, 03 October, 2020 / 10:46 PM
The need for the ordinary members of the society to get justice from the courts has been emphasized by a Prelate in the West African nation of Nigeria who has called on all court officials to be the hope of the "common man" by ensuring they receive justice.
“In the face of the quagmire state of the country, the poor man looks to the judiciary, as it is the last hope of the common man, we know that it is a herculean task to be just in an unjust society; whenever anyone is offended, the judiciary is always the last hope of the common man,” the Auxiliary Bishop of Enugu Diocese, Ernest Anaezichukwu Obodo said Monday, September 28.
“When the common man comes to the court expecting justice, let him not be disappointed,” Bishop Obodo told lawyers who gathered at the Holy Ghost Cathedral, Ogui Enugu, to celebrate a special Mass marking the opening of the 2020/2021 Legal Year.
Describing the judiciary in Nigeria as “being muscled by the people in power,” the Nigerian Prelate told lawyers to remember that justice for one is justice for all as the problem of one man today may become the problem of the other tomorrow.”
He further urged members of the judiciary to carry out duties in all fairness because they are the “last hope of the common man.”
“If the common man comes to you crying and cannot say that this is where the truth lies, then there is a problem,” the Bishop said.
Making reference to the persistent violence in some parts of Africa’s most populous nation, Bishop Obodo said, “A lot of blood is being shed in this country and it’s very necessary to talk to those who are meant to save these innocent lives and keep it from wasting.”
“Of the four cardinal virtues, which are justice, prudence, fortitude and temperance, justice stands out as it comprises divine-human and human-human relationship and once justice is well applied, the society is in order,” the 53-year-old Prelate said in his homily.
He Auxiliary Bishop of Enugu added, “When every arm of the government is doing its work perfectly, then there is justice in the society.”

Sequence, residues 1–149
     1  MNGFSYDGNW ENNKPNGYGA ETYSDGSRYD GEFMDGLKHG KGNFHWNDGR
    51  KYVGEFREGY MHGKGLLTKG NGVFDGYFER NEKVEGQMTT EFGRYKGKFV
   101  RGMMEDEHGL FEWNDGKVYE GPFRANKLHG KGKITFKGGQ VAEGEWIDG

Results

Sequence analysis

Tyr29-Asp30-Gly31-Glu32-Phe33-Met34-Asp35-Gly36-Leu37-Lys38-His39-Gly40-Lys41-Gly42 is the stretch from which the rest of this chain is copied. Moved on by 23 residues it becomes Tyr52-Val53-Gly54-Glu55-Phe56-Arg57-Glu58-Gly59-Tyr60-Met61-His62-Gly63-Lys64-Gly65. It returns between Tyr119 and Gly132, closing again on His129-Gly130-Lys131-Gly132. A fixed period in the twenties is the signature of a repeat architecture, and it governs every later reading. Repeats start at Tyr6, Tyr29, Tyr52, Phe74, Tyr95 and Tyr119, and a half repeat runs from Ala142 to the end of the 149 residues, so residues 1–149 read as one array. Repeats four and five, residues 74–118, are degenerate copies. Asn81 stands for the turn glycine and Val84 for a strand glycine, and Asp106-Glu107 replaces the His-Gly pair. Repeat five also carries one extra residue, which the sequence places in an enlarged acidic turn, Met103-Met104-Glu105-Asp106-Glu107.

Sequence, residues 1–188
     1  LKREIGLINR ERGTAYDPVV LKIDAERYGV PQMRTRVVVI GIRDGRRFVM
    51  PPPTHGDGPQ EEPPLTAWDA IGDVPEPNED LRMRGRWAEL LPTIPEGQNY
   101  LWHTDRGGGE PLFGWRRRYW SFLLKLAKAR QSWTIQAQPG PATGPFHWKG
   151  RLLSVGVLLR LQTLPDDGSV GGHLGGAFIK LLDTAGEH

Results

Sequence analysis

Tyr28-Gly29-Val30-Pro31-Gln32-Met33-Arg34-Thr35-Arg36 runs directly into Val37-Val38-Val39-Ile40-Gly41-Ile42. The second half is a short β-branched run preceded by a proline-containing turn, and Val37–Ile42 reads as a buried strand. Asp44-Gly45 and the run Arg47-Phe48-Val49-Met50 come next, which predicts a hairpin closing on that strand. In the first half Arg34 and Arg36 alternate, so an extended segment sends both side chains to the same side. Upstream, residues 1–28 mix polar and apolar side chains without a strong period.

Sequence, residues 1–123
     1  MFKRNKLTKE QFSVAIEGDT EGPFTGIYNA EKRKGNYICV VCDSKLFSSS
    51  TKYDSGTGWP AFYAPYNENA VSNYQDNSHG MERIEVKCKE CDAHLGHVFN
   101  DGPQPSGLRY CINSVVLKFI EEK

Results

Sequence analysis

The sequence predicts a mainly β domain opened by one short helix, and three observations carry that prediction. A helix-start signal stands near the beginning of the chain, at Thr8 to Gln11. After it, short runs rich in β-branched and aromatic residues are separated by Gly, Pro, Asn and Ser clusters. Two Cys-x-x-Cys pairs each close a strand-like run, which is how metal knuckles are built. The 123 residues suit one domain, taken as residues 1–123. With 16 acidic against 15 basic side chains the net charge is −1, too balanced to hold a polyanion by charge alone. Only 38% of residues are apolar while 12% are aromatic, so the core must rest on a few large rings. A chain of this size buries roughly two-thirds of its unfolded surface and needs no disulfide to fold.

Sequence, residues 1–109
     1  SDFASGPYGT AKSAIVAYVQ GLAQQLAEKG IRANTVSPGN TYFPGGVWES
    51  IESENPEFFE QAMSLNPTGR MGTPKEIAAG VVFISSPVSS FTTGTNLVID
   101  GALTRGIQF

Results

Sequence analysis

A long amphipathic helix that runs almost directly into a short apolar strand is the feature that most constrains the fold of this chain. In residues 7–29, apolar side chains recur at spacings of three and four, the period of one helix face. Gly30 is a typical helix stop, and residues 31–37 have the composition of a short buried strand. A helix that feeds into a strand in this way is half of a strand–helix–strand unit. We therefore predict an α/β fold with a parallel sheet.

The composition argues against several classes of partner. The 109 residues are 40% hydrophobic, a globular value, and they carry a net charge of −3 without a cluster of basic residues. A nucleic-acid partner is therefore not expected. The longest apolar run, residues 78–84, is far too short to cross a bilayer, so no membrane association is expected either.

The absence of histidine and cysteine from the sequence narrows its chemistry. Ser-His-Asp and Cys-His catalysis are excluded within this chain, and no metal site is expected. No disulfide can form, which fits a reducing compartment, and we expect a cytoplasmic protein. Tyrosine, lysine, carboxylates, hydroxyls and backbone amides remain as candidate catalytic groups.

Citing the Boko Haram insurgency and the Fulani herdsmen as examples, the Prelate said that “the greatest judicial tragedy in Nigeria is that many people are not being punished for the offences they commit.”
The situation in the West African country is as it is today because most of the leaders in the country are not vast in knowledge and therefore, do not know what the justice system and other aspects of the government are meant to be doing, he said.
Referencing the ancient philosopher, Plato, Bishop Obodo said, “There can never be justice in the society until kings become philosophers or philosophers become king.”
He expressed his appreciation for the change of the prison system in Nigeria to correctional facilities that see that offenders are punished “to be corrected and not to be killed.”
“The Lord expects you to punish offenders and also correct them,” the Nigerian Prelate told lawyers.
He went on to encourage the court officials to “remember to always apply justice and mercy especially when dealing with the poor as it seems justice is meant only for the rich as it's too costly for the poor to afford especially in Nigeria.”
“My dear judges and lawyers, know that behind every raised arm of the law lies a person that needs to be saved, the law is meant to save the sinner, the poor, and not meant to kill and oppress the people. Human justice should reflect divine justice,” the Prelate said in conclusion.
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